Around the state, chefs who rarely had to do more than plop leftovers into containers have been learning to love the learning curve. “Much of what I used to do doesn’t travel well,” says Kevin Kohler, chef/owner of Cafe Panache in Ramsey. “Sashimi, raw oysters, warm shrimp and avocado with microgreens, which wilts. Anything finessed.”

What does travel well? “Braised meats, like short ribs,” says Anthony Bucco, executive chef of Felina in Ridgewood. “When you send it home with, like, a potato puree, the flavors combine and the transportation actually makes it better.”

In pastas, the heartier the noodles the better. “Garganelli, penne, rigatoni,” Bucco explains, “you put them into a Bolognese and they’re fine. Ravioli is sturdy, you can even reheat it. Squid ink linguini, not so good.”

But this is no exact science. Rosita Lamberti, director of operations of the Aldo Lamberti restaurants in Cherry Hill and Philadelphia, says capellini, whose name translates as angel hair, “has sold very well in takeout.” She adds, “More people have ordered steaks than I would have imagined. If somebody wants a medium steak we suggest they order it medium rare because it will continue to cook in the container. We’ve sold an incredible number of chicken parmigianas, more than ever before. It’s a comfort dish nearly everyone likes; you ate it growing up.”

[RELATED: How 5 Local Chefs Sought Sanity This Year]

Does that description bring anything else to mind? Two syllables, starts with “p”? Yes, pizza has proven itself the ultimate pandemic takeout food. So much so that in October the Farm and Fisherman Tavern, a New American restaurant in Cherry Hill, ripped out one of its convection ovens and a six-burner stove and put in a two-deck pizza oven that can cook eight 16-inch pies at a time.

But there are exceptions. “What people wanted in March, they don’t want now,” says Humberto Campos Jr, chef/owner of Lorena’s, a NJM Top 30 in Maplewood. “I can’t sell chicken for the life of me. People want foie gras.”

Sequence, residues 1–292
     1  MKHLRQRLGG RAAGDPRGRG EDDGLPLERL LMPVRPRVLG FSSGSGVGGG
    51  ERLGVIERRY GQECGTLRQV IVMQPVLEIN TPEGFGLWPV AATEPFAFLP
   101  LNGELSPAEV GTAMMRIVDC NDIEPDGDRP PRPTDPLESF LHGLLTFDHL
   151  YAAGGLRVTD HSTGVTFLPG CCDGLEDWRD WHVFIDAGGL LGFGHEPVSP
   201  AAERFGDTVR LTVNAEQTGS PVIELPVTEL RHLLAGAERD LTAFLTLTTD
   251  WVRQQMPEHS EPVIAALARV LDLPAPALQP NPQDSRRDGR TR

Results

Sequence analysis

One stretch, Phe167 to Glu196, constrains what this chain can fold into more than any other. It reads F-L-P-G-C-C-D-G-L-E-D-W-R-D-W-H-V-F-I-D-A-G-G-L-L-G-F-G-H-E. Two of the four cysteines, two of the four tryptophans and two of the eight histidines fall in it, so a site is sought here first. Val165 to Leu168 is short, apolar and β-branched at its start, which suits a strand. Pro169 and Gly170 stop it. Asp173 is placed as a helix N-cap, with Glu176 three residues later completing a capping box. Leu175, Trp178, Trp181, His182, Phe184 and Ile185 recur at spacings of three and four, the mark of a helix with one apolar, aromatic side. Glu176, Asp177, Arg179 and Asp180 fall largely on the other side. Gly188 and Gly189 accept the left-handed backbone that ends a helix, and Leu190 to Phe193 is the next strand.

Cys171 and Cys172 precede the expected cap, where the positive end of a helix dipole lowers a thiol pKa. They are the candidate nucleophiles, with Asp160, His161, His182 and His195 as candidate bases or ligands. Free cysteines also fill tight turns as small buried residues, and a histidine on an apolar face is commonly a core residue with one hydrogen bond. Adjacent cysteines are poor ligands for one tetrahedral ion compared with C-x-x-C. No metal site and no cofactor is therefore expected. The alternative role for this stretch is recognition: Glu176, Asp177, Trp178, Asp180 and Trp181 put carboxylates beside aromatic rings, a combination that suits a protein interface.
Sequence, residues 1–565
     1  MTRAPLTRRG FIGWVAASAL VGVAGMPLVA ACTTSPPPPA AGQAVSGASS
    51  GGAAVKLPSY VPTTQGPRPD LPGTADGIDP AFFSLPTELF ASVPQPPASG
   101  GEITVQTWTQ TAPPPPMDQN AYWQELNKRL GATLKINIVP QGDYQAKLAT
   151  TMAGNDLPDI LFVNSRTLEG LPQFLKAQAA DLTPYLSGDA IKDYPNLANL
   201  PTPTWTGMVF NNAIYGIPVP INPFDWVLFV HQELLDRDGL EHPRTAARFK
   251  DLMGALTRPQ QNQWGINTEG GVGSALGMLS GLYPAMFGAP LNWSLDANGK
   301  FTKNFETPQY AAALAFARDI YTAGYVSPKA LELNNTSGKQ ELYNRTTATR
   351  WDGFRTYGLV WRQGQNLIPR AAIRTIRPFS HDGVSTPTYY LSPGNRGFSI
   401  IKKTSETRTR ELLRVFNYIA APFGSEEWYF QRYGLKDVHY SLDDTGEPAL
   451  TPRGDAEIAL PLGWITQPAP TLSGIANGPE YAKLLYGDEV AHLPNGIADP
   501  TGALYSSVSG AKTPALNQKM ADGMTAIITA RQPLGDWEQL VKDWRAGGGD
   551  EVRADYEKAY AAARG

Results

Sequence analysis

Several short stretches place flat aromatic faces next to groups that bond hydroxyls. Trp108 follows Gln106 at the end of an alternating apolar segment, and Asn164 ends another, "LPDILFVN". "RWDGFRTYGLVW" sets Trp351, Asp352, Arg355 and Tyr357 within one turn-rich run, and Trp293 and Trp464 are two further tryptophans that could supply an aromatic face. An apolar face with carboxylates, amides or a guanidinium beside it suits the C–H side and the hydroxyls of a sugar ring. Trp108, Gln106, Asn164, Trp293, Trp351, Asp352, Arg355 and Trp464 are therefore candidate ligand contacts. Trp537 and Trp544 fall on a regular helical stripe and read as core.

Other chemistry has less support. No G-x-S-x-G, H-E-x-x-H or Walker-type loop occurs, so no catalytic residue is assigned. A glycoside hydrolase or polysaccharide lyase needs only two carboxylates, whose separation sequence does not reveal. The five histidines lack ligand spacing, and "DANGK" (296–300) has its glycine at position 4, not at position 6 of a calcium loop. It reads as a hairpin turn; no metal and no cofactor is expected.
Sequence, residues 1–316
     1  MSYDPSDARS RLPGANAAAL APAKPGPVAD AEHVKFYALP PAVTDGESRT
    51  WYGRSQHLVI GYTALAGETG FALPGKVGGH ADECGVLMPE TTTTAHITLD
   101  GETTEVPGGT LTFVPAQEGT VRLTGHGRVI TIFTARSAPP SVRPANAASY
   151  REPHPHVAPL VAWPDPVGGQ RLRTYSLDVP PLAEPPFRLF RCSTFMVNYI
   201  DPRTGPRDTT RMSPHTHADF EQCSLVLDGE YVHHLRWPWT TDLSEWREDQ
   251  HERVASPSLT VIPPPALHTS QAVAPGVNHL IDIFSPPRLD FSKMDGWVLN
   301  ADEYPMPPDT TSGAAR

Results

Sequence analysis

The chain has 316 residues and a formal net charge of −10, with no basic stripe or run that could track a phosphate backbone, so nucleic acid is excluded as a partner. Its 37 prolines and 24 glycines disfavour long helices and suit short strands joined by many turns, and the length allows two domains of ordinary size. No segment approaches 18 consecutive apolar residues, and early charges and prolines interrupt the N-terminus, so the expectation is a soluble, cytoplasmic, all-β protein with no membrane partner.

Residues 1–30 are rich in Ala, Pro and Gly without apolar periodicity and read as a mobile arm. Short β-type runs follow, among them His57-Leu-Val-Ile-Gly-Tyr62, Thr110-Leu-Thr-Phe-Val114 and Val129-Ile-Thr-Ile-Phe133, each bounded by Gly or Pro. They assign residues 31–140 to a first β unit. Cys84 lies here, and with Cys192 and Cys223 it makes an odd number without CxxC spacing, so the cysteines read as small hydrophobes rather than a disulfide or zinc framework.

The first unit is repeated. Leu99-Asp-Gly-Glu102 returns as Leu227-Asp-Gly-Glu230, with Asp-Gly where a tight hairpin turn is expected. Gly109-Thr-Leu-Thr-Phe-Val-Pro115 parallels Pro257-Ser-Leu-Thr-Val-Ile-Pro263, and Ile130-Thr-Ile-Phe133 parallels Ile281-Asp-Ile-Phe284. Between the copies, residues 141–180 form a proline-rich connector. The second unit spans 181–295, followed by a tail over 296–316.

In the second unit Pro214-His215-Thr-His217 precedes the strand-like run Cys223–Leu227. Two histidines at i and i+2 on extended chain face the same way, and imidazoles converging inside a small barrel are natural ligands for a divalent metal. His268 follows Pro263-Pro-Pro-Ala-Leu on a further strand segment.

One of the most ambitious pivots to takeout was pulled off seamlessly by Stage Left Steak in New Brunswick. For 29 years, it has held winemaker dinners in the restaurant. Last April, proprietors Mark Pascal and Francis Schott turned them into Zoom events, with participants picking up or having par-cooked dishes and bottles of wine delivered for home consumption as they watch the winemakers and chefs expound.

While takeout sounds like a win-win, the cost of containers, bags and supplies, let alone PPE, have squeezed restaurant bottom lines. And there is another hurdle—customers’ fear of physical contact. Says Danny Tran, general manager of Bamboo Village, a well-regarded Chinese restaurant in a Woodland Park strip mall, “Customers won’t even open the door when they pick up. They say, ‘Leave it outside. We’ll pick it up.’”

Marilyn Schlossbach, chef/owner of Pop’s Garage and Langosta Lounge in Asbury Park, weathered Sandy but finds Covid-19 uniquely frustrating. “We’re all trying to shift to takeout,” she says, “but we didn’t get into this industry to send faceless packages in an Uber car. We want to feed people face-to-face.”

Read more Coronavirus, Eat & Drink articles.

By submitting comments you grant permission for all or part of those comments to appear in the print edition of New Jersey Monthly.

Required not shown
Required not shown